The idea for the Local Initiatives Support Corporation (LISC) was born in 1979, when a group of Ford Foundation trustees and officials visited community development projects in Baltimore. On their way back to New York, James Ellis, a Foundation trustee, asked Foundation vice president Mitchell Sviridoff what he would do if he had $25 million to spend on helping declining cities. Sviridoff responded with an idea that Franklin Thomas, another of the Foundation’s trustees, had recently suggested: identify competent leaders in 50 to 100 communities around the nation and give them as much money and support as possible.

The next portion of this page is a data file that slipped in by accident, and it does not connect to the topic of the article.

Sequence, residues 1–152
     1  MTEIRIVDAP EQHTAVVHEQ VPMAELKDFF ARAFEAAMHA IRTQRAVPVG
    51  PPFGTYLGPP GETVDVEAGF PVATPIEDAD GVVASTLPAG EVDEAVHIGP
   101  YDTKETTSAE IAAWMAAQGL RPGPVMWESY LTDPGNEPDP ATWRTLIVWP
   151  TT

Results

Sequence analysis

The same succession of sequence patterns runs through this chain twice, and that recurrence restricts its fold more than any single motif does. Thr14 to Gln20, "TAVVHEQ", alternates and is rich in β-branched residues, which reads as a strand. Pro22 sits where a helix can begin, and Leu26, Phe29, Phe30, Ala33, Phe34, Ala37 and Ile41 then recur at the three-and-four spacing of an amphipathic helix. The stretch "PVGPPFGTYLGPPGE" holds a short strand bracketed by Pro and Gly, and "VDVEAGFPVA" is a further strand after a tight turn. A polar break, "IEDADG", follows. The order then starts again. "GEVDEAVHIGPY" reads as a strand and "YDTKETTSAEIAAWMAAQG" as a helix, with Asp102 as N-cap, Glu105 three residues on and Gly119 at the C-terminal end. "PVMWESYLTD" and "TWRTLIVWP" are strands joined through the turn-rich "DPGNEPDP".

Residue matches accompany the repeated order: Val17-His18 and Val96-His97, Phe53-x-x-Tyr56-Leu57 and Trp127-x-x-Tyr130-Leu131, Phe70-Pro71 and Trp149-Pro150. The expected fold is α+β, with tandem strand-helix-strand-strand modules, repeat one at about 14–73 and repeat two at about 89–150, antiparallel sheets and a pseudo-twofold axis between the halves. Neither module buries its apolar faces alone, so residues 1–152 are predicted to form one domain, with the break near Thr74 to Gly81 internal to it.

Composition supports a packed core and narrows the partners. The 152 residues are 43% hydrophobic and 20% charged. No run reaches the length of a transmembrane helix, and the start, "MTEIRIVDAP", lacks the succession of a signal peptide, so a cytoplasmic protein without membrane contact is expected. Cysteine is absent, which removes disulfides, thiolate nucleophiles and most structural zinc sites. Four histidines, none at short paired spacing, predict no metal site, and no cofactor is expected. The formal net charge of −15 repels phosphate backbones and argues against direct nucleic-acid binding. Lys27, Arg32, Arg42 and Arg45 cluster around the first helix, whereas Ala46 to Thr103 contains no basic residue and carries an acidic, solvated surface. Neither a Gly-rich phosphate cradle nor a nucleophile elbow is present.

Sviridoff and Thomas understood that in the case of community development, there were a host of people, residents of deteriorating neighborhoods, who were already passionate about turning things around. At the same time, there was an enormous amount of money available, from organizations cutting across all sectors of American society, for the same purpose. What needed to be done was to connect the two, and, in so doing, to enable the most innovative and capable community leaders to more effectively pursue their goals. . . .
- Field Building
- Northern America